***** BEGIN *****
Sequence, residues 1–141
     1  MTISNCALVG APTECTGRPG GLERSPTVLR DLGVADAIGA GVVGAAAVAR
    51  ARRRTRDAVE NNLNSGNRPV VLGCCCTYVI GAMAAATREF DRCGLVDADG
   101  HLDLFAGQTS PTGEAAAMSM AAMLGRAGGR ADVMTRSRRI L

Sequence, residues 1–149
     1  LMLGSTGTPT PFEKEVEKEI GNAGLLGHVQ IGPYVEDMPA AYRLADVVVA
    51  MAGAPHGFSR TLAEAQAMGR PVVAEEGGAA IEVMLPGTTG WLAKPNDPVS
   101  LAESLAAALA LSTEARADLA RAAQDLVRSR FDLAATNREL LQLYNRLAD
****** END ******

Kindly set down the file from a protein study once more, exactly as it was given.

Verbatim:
Sequence, residues 1–141
     1  MTISNCALVG APTECTGRPG GLERSPTVLR DLGVADAIGA GVVGAAAVAR
    51  ARRRTRDAVE NNLNSGNRPV VLGCCCTYVI GAMAAATREF DRCGLVDADG
   101  HLDLFAGQTS PTGEAAAMSM AAMLGRAGGR ADVMTRSRRI L

Sequence, residues 1–149
     1  LMLGSTGTPT PFEKEVEKEI GNAGLLGHVQ IGPYVEDMPA AYRLADVVVA
    51  MAGAPHGFSR TLAEAQAMGR PVVAEEGGAA IEVMLPGTTG WLAKPNDPVS
   101  LAESLAAALA LSTEARADLA RAAQDLVRSR FDLAATNREL LQLYNRLAD